A joint venture of Gen Zers and millennials, Abide has drawn nearly 2,000 participants, ages 18 to 35, to share meaningful conversations and connect with others during the pandemic.
The program was born out of “frustration by not being listened to,” said Embil, who serves as Abide’s social media coordinator. “I’m seeing young adults realize they are empowered to build their own experiences and build church in the way they want to see it.”
What do Gen Zers want?
Whether Gen Zers suffer from pandemic-induced isolation or simply crave face-to-face encounters, they want to be seen and heard and to have a space of their own.
“Gen Z are looking to form new, meaningful connections with people but sometimes struggle with how to start,” said Hope Johnson, a senior at Lane Tech College Prep High School and a member of Pilgrim Lutheran Church in Chicago.
Embil believes the church can reach Gen Zers by giving them that place to start. “Before we even get to what we preach in the pulpit, making space for young adults is first and foremost,” she said.
She asks leaders to look at the existing systems congregations have in place. “Do the things you already do make space for young adults? If your Bible study is at 10 on a Tuesday morning, I don’t know anyone 18 to 35 who can attend that,” she said. “[There’s a difference between] ‘You can come if you want to’ versus ‘I want you to be there.’ That’s what young adults are looking for.”
Young people who have stayed involved with church into adulthood often share similar reasons for doing so: they feel seen, supported and validated.
Kendyll Ward, a senior at Haverford (Pa.) High School, said her plan to become a pastor stems from the positive affirmations of her congregation, Trinity Lutheran in Havertown, and the service opportunities it has given her.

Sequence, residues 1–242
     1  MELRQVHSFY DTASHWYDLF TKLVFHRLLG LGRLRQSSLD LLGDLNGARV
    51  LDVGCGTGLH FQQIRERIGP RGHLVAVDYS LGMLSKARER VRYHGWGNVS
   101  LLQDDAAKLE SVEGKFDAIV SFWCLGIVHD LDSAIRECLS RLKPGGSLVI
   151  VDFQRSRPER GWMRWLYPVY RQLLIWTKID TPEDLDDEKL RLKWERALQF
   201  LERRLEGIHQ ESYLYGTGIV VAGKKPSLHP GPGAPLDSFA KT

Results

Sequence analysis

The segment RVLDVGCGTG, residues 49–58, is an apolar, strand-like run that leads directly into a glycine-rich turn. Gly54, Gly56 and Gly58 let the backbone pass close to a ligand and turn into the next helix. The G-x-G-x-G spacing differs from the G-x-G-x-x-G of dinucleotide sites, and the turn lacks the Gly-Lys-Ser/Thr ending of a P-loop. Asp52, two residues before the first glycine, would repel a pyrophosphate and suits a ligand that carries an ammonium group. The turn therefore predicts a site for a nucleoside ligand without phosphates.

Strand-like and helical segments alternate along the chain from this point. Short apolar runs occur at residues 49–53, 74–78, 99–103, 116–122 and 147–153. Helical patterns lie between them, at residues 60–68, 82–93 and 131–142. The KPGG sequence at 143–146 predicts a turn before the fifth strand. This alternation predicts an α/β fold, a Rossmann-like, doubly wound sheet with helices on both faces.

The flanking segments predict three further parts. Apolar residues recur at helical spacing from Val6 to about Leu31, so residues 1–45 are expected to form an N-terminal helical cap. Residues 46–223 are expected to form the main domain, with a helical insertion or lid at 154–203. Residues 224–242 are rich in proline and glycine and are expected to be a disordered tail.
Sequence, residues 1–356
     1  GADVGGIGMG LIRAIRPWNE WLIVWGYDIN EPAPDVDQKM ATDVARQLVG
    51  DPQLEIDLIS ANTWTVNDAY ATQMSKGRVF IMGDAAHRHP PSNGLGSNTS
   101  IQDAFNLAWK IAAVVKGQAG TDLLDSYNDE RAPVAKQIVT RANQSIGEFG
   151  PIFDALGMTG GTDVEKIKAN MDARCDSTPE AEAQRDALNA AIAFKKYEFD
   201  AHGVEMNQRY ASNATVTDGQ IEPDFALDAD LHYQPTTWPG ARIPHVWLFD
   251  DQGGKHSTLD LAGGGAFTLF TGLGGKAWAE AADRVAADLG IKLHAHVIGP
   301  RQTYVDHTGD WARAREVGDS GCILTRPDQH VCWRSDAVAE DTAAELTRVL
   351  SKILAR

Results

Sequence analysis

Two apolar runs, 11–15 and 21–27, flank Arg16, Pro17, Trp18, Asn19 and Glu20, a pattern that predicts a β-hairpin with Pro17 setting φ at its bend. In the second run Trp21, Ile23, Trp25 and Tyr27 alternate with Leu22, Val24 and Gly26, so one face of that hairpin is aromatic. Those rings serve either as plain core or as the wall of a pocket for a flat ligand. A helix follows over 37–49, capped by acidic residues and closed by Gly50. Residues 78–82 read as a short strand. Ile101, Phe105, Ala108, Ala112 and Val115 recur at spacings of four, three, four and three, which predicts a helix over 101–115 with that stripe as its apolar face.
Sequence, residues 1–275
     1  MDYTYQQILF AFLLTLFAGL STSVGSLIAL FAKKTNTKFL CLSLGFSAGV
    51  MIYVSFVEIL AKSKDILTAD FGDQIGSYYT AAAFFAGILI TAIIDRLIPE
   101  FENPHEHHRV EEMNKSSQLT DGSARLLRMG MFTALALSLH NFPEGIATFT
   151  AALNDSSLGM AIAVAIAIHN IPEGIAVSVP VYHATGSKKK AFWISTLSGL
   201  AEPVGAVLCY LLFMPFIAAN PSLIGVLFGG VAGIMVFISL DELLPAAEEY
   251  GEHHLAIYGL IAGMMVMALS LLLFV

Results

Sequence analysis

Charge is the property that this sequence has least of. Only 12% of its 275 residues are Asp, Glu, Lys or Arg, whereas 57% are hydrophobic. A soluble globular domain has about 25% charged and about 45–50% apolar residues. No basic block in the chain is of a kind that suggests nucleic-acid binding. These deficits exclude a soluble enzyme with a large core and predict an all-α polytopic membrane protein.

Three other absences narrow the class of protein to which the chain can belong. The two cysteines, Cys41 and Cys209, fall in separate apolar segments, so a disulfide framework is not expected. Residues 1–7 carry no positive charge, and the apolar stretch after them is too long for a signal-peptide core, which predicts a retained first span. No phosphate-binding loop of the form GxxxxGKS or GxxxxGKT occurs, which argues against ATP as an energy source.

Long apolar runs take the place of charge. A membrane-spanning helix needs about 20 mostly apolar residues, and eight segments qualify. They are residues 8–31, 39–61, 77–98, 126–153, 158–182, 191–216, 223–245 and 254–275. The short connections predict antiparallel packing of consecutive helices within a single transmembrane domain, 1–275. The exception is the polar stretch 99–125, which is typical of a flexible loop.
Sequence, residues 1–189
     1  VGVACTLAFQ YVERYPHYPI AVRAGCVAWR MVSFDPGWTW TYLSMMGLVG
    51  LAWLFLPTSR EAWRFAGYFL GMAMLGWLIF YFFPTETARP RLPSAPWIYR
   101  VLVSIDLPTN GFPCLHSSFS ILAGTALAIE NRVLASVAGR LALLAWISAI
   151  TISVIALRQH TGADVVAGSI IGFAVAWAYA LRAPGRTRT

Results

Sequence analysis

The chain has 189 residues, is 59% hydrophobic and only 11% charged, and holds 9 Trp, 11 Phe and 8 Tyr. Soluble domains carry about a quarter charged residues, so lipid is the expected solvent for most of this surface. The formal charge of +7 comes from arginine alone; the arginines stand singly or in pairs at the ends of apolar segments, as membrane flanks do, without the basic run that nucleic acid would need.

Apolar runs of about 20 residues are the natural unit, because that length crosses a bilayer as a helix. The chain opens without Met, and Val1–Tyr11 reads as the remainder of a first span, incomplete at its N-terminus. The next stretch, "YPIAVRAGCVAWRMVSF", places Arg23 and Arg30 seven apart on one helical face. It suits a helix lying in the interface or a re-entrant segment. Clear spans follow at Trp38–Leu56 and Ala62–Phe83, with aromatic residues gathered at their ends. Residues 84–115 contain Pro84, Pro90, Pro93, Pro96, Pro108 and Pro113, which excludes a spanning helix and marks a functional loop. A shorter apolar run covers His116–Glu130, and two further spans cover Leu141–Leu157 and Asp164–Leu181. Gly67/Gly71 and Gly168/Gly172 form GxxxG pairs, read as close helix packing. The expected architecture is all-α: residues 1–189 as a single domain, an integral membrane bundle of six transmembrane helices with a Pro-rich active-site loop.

“Gen Z are looking to form new, meaningful connections with people but sometimes struggle with how to start.”
“One of my first leadership opportunities was to get involved in vacation Bible school,” she said. “But I’ve been able to do everything. I’ve led worship. My church is in transition, and I supply-preached for two Sundays. … My pastor gave me leadership opportunities that led me to expand my abilities.”
Kelly Reese, a sophomore at Penn State University, State College, Pa., also feels that the opportunities and relationships her home congregation, Tree of Life in Harrisburg, Pa., afforded her have helped her maintain a connection to it. “My youth group has always been an incredibly active group, and we have a lot of opportunities for synod activities and involvement. I have attended church camp since I was in sixth grade, and I have formed relationships that will be lifelong, no doubt.”
To explore diverse expressions within the ELCA, Peñaranda created the ELCA Black History Month video series “Talks at the Desk.” Several Gen Zers were featured in the project, including two boys, ages 10 and 11.
“The 11-year-old has been preaching since he was 4,” Peñaranda said. “He talks about what this church and ministry and mentoring has meant to him. … The 10-year-old is a very good artist. He really speaks about the glory of God in his life; he talks about how wonderful it feels to be supported by his church. [They show us] how important it is for us as elders to not only be listening but be affirming and supportive of our youth.”
Investing in young adults also means putting our money where our mouth is.
“In a church budget, a lot of times, Sunday school, faith formation, those are the places you cut before you cut other areas,” Alley said. “What does that say? You don’t care about me. A young person sees that, but as well, families see that. Families have said, ‘Well, the coach cares more about me—they’re spending time and money on me.’”
Why aren’t Gen Zers attending church?
To learn why more young adults aren’t attending church services, leaders often look to data. In You Lost Me: Why Young Christians Are Leaving Church … and Rethinking Faith (Baker Books, 2011), Barna Group President David Kinnaman reports that 59% of young adults ages 18 to 29 with a church background had dropped out of church in their 20s.
Eight years later, Kinnaman’s book Faith for Exiles (Baker Books, 2019) shows that the young adult dropout rate has not only persisted but grown. Nearly two-thirds of 18- to 29-year-olds in the United States who grew up in the church had “withdrawn from church involvement as an adult.”
Peñaranda said dwindling church attendance isn’t new, so the blame can’t be placed solely on Gen Zers. “The church has been in decline for years. I think a lot of that is the parents. Think of how many Gen X parents have left the church or have stopped prioritizing that. It was our boomer parents who held on to the Sunday morning thing.”